The urge toward self-preservation, which drives animals to hunt for food and defend themselves when threatened, and the urge to procreate in order to secure the future of the species that completely takes over animals at certain times – these urges have, with regard to the I-consciousness, become a defence of the I, not just in physical and economic terms, but also psychologically and instinctively.
As long as the individual does not realise that everything he does, thinks, feels and strives for has an effect on the whole of which he is a part, he remains unconsciously and unintentionally a danger for the world.
In his I-consciousness he has created a defence that can take no account of the well-being of the whole.
In effect, you can only increasingly realise how this defence works, not just in the day but also during meditation, where it causes the division between what is inside and what is outside, while inside and outside are naturally one.
This realisation, or becoming aware, can only be brought about through a conscious effort. If, during this process, it is not clear from the start that the I plays a subordinate, but also an indispensable role in the exercise, then end and means become interchanged and performance and the pursuit of power can do their destructive work.”


Our situation
“It is evident from the above which stage in the evolution of awareness we have reached.
A radical change and new approach are needed to avert the disasters that threaten us.

Such a total change of awareness can only take place in the individual – society, culture and religion in different races and peoples are a reflection of the state of awareness of the individual.
On a large scale, the collection of forces appears to make it unrelenting and apparently irreversible, but the change in the individual is also a profound process, a mutation of the mind.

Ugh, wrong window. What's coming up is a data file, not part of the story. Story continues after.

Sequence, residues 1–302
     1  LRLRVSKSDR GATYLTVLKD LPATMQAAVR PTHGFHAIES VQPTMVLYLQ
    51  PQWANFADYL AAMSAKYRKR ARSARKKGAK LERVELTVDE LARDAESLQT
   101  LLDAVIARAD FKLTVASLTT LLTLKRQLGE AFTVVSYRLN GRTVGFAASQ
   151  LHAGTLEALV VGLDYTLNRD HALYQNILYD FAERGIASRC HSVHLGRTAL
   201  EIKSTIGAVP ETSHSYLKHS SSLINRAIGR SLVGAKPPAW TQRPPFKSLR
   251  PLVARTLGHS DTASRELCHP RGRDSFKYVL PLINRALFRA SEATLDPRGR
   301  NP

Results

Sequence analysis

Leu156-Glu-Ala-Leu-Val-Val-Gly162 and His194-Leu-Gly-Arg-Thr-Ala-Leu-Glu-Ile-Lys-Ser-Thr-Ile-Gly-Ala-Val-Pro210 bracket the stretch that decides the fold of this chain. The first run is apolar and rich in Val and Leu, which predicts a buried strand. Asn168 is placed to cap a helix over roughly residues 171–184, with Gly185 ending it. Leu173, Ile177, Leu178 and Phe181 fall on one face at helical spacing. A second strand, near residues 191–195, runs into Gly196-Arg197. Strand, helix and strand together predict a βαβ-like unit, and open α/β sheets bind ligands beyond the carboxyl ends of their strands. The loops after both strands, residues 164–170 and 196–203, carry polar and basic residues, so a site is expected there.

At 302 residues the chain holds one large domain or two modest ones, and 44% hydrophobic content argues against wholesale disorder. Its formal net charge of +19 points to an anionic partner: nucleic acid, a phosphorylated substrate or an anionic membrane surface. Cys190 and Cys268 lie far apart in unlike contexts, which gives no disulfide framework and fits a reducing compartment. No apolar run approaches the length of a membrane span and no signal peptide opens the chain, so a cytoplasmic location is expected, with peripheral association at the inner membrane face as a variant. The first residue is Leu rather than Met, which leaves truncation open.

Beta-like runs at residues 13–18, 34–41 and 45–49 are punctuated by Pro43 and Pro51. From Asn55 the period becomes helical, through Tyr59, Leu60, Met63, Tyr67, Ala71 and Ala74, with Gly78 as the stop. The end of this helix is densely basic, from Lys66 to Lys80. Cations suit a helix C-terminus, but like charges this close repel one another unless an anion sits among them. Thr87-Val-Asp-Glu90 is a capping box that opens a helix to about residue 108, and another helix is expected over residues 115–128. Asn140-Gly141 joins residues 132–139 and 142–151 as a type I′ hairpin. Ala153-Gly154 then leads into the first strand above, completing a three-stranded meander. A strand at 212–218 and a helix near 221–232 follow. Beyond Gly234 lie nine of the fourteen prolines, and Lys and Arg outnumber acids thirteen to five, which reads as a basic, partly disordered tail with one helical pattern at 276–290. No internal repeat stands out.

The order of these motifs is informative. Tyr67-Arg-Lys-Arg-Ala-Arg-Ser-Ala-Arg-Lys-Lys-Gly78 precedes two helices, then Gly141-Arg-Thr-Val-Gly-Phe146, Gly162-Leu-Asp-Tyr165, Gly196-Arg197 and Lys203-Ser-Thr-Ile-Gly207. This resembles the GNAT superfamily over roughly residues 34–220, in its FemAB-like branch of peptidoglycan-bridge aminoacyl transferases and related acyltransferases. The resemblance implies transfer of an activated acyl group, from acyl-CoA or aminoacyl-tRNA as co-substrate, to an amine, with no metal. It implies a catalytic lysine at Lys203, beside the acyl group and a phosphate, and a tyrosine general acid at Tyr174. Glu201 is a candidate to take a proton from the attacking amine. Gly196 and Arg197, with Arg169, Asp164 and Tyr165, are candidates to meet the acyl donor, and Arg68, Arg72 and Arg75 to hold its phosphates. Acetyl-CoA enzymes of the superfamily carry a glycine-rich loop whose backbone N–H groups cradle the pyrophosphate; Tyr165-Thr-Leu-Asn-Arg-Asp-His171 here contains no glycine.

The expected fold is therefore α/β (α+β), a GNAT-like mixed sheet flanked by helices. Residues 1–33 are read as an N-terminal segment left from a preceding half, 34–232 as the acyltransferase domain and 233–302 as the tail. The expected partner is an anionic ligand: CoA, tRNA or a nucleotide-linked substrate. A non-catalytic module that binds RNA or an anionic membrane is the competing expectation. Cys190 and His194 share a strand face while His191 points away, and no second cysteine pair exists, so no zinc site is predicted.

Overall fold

This mutation cannot be brought close by an effort of the will because this lacks the gentle persistence of insight – from insight the process of becoming aware can proceed undisturbed, even during illness, imprisonment or persecution and in other seemingly inescapable situations.
When exercising from insight, there is an absence of all haste or impatience, because you are aware of a process in a totality that you cannot comprehend, while what occurs is the only clear thing that you can work on here and now.”


The urge to procreate and lovemaking
“The urge to procreate, which is associated with an enormous sexual appetite, follows from the drive for self-preservation.
In the case of animals, this passionate lust only manifests itself at certain times (in season). Humans can experience this desire at any time. Because they have lost the relation with the whole, they may also want to experience it at any moment.

Many, including the founders of the major spiritual movements, have realised this, and their followers have distilled rules accordingly with which they try to exclude this lustful passion without going into the actual cause and its meaning.
This has led to asceticism, celibacy and other prohibitions that make it impossible to become aware of the all-embracing power of the communion.”


“From the above it is clear that you must become aware of the cosmic effects that are continuously acting on you, even though you are not aware of them because you occupy yourself with those things that are revealed in matter, which we call the world and other people.
You become aware of these cosmic effects in the posture, breathing and energy circulation exercises.
As you become aware and hence are increasingly more easily able to experience them, your attention shifts naturally to other matters, which are usually not visible.
Consequently, the world takes on an entirely different meaning for you

Be solely with yourself, quiet and attentive, absorbed in the Oneness.
From this Oneness, amongst people, work and the manifold activities that pass by and through you, you will remain in contact with it.”